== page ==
“Creativeness and evidence, no matter what the budget.”

EZ: Why do employees fail to buy in when companies try to ramp up engagement?

TOM: Our experience is they typically do not! But having said that, people can smell a rat a mile off. A colleague was asked by a client to summarise a large PLC survey results to their middle management team at an away day event. The CEO introduced the importance of engagement and handed over to said colleague before sitting back down and promptly falling asleep! People know when leaders authentically mean this stuff, it cannot be faked.

EZ: What skills are most useful for everyone to have when trying to move towards a culture of engagement?

TOM: Authenticity, and a healthy dose of humility is essential, particularly amongst senior leaders. Acknowledging frankly and plainly what’s wrong, and celebrating what’s right.

The most engaged organisations that we work with are often blessed with leaders who are always open to (sometimes harsh) feedback and know that they have things to learn and improve on – personally and collectively.

Additionally, the ability to really focus on what matters most, and trying and do a smaller number of things effectively. Keeping momentum going through organisational changes.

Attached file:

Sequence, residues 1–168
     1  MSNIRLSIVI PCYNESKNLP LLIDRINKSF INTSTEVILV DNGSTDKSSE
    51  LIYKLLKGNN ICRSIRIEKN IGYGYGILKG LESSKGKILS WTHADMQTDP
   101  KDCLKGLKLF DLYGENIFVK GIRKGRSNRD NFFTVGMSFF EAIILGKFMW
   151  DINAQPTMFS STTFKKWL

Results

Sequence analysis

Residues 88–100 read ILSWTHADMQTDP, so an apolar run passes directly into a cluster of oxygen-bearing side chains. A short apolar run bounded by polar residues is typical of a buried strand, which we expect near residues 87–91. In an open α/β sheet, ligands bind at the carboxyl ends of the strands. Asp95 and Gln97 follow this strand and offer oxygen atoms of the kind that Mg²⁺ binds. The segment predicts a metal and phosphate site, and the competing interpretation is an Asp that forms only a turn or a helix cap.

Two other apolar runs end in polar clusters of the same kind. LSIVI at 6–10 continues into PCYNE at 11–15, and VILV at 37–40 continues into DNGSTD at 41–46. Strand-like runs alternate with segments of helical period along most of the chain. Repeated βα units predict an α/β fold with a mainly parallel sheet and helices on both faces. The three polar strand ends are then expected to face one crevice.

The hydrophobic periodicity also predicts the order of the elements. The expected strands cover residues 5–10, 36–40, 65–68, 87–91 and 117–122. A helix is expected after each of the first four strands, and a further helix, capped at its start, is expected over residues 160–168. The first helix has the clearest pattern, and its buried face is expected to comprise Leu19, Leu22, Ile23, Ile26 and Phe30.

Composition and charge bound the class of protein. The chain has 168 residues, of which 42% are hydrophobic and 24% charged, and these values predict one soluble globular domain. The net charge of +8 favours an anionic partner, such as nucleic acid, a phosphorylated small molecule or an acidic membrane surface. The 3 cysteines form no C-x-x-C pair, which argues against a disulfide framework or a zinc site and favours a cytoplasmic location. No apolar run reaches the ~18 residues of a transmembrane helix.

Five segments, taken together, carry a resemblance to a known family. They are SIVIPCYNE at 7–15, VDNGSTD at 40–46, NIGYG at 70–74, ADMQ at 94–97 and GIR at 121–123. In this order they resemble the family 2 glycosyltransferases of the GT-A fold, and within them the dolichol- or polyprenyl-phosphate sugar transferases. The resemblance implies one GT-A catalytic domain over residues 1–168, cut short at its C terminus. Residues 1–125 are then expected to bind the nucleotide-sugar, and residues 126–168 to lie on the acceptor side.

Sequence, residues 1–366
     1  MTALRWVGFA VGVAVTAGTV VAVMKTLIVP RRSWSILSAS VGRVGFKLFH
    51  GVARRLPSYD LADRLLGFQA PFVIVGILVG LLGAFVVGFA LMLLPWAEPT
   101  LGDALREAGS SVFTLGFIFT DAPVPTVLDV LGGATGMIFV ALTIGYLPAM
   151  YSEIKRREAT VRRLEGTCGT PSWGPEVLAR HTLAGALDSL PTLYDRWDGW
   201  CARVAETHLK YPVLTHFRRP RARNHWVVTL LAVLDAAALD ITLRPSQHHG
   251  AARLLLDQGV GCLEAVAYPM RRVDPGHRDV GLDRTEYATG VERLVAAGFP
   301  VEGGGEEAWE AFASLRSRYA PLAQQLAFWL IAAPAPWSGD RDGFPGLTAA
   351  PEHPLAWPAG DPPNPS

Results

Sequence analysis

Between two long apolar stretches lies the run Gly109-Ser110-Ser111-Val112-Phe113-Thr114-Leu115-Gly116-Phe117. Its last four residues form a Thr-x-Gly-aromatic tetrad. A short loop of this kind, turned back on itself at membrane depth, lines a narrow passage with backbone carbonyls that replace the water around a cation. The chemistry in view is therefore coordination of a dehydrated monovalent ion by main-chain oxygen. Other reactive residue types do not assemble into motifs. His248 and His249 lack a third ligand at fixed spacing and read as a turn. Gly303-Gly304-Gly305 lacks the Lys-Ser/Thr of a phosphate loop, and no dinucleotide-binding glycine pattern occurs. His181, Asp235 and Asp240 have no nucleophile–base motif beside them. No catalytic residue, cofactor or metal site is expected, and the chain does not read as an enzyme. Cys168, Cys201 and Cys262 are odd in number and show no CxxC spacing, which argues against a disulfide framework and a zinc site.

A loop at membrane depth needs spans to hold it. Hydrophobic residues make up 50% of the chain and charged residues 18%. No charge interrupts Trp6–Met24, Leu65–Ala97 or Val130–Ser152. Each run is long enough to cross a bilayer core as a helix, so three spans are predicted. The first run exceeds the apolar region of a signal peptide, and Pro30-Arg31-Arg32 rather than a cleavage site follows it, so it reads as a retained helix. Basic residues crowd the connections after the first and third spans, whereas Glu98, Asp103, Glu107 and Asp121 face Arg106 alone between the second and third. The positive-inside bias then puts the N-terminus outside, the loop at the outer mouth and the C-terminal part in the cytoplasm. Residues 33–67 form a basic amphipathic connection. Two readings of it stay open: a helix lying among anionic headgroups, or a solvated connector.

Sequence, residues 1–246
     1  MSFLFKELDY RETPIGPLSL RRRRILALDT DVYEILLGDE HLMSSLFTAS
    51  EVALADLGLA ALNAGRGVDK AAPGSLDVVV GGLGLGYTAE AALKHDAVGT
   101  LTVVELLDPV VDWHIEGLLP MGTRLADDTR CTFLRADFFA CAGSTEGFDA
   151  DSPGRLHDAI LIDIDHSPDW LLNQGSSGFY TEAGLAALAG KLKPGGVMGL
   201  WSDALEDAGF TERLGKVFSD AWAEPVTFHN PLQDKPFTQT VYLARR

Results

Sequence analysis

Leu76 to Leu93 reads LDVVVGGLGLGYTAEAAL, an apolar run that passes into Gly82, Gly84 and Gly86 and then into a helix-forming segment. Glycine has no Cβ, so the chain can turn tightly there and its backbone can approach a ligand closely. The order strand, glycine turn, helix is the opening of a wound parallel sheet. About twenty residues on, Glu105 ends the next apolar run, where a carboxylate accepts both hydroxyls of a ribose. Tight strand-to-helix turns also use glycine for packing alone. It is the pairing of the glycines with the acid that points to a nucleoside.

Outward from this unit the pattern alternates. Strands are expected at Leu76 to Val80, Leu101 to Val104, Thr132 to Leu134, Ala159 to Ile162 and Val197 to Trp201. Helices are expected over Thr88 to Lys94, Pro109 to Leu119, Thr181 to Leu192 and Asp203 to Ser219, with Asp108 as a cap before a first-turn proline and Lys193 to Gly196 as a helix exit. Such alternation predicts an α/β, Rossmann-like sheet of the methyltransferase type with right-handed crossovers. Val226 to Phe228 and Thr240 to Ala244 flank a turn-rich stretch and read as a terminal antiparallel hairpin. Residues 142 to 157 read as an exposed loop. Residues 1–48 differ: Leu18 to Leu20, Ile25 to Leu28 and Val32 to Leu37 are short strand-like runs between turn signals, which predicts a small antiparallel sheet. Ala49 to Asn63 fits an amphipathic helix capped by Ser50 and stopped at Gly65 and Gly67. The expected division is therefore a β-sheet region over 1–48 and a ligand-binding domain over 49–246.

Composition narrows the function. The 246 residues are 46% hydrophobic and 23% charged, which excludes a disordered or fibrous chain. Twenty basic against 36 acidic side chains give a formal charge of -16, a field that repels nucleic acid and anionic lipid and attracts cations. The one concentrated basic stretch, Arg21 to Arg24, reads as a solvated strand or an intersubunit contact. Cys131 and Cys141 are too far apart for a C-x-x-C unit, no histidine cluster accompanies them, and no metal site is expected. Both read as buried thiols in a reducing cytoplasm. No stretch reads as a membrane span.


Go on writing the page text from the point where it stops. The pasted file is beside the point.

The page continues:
EZ: You’re a judge for the Employee Engagement awards. What will you be looking for in the entries?

TOM: Creativeness and evidence, no matter what the budget. That and a carefully concealed £5 note. 🙂

EZ: How important do you think it is to connect Employee Engagement to Customer Engagement and why?

TOM: We work with a lot of organisations in the retail and hospitality space, and love doing so because in this environment it is not only obviously the case that employee engagement drives service experience it is also evidently the case.

The relationship can easily be proved – we often do this with analytics. Not every sector has been able to generate data in the same way, but things are improving.

“Leadership Development, as if you get this right the other two will inevitably follow.”

EZ: What’s the best EE idea you’ve seen a company roll out/attempt and wish you’d had that idea yourself?